Thursday, 15 July 2010

Building Better Neighbourhoods
The Contribution of Faith Communities to Oxfordshire Life

The Oxfordshire Stronger Communities Alliance working with the Diocese of Oxford have published a report detailing the way faith communities provide hours of dedicated community ministry in the villages and towns across Oxfordshire. The report complements similar research across the UK;  the unique selling point of this report  lies in the alliance and funding team behind the project making this a valuable and powerful voice.   In his forward to the report the Bishop of Dorchester, who also chairs OSCA, writes, "The resulting picture to emerge is a rich diversity focusing on children and young people and on some of the most disadvantaged and " hardest to reach" groups  in Oxfordshire".

192 of the 450 identified worshipping communities in the county responded to a detailed survey. They represented communities of Buddhists, Christian, Hindu, Jewish Muslim, Sikh and other traditions.  The survey revealed that many of the faiths are not just working in partnership with their local community but also with each other to deliver services and respond more informally to identified need.

Some of the headlines include:

  • Faith communities invest over £8.5 million pounds a year in paying staff

  • worshipping communities give 150,000 volunteering hours each year

  • 220 rooms and halls are made available for us by the wider community with 80,000 of faith owned property being used by other organisations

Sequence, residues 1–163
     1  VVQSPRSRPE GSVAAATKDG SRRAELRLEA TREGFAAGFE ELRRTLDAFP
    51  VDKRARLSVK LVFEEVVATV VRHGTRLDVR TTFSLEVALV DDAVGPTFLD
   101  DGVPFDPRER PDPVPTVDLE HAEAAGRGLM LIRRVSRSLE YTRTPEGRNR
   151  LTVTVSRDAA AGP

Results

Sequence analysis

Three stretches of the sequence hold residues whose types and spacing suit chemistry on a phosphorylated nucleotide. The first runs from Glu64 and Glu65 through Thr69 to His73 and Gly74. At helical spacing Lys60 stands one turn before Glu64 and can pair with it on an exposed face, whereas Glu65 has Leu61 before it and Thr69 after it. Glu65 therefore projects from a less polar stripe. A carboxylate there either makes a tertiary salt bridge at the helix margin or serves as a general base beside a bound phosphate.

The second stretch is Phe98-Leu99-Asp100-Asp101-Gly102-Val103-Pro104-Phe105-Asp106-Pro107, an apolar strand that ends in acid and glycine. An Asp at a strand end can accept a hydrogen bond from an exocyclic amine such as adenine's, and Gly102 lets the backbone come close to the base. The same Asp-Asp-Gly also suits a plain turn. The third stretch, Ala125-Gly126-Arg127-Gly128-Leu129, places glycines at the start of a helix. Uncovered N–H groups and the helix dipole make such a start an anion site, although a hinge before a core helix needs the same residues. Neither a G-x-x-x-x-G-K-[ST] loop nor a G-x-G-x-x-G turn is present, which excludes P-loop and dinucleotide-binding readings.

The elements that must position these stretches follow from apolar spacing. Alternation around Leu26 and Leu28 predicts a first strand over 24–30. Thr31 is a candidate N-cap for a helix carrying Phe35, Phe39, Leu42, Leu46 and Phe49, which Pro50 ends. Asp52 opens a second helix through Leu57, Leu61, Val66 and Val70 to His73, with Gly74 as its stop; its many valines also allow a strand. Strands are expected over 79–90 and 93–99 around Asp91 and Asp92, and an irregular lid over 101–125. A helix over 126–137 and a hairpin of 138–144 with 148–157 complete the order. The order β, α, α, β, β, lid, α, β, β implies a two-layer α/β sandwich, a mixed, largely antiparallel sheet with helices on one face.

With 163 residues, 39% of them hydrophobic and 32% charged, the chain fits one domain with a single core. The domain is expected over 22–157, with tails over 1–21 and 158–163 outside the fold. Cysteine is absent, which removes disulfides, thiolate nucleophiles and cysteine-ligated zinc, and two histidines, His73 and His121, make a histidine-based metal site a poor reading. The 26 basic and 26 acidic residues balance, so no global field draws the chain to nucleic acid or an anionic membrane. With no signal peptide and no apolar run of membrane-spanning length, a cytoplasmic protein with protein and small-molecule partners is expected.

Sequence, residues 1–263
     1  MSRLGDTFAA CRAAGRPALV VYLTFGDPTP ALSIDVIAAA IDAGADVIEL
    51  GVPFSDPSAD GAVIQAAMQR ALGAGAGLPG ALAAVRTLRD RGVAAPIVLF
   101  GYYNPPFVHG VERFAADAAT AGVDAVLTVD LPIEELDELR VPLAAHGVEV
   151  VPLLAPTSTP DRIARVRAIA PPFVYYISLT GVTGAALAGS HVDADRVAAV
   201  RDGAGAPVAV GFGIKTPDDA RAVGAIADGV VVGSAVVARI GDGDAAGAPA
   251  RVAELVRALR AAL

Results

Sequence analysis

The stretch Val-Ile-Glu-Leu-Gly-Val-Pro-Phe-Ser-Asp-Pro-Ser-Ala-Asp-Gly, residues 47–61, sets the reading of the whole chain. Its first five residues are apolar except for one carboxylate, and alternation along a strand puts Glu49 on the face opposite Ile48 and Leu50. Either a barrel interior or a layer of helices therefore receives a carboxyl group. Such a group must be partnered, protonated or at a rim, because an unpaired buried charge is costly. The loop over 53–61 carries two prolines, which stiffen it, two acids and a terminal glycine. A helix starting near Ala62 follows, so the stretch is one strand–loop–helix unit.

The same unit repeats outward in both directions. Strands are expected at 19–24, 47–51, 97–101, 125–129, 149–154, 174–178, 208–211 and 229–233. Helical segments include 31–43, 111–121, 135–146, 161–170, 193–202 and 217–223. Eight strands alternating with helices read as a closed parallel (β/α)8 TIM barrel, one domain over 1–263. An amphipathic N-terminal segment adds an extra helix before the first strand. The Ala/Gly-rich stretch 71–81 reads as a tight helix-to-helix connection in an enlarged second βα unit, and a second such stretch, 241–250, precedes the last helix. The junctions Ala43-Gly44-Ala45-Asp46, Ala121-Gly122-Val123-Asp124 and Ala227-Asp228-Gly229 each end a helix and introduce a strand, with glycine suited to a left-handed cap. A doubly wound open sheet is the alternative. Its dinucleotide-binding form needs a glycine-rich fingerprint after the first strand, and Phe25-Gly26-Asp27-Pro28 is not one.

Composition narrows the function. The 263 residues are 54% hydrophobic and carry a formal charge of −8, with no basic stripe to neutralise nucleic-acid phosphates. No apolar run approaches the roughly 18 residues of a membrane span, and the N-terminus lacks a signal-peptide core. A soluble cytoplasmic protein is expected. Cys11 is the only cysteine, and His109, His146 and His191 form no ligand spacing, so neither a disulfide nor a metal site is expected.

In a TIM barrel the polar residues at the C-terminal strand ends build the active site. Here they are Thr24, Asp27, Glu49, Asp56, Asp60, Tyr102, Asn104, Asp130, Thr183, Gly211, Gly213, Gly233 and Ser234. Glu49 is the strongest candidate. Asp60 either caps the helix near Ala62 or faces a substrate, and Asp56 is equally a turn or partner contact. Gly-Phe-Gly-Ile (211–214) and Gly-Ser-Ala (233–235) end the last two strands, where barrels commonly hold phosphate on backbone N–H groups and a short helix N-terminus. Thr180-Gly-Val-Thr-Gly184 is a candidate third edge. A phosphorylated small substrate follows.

• worshiping communities contribute around £1.7 million pounds to the tourist economy of the county.
The summary and implications section is an important one to read fully.

It is clear that faith communities make a significant contribution to building community capacity and responding to need both in urban and rural areas; they also contribute to public policy development and implementation. Some barriers still exist between faith communities and public bodies including with other voluntary and community sector organisations; the partnership group behind the report will have modelled potential future developments  and  to affirming the place of faith communities in organisational structures and policy implementation in the county.

There was limited involvement of specialist faith community ministry such as chaplains, and the involvement of faith based voluntary organisations was  also limited. This could be redressed perhaps in further work.  Another significant gap is the failure to have a dedicated action plan  and strategic process to take the issues and recommendations forward. It will be important for OSCA to work with faith communities to develop such an action plan both at the local and county level.

Those of us who have been working to develop partnerships and to raise the profile of the value of the work of faith communities for some time in the county will welcome this contribution to the debate.   This report will provide an essential element in the thinking of local faith communities as they reflect on their community ministry, and will prompt other organisations to build partnerships with faith communities more seriously in the future.  The report deserves to be widely read and to be implemented strategically.

Glyn Evans
Diocesan Rural Officer July 2010

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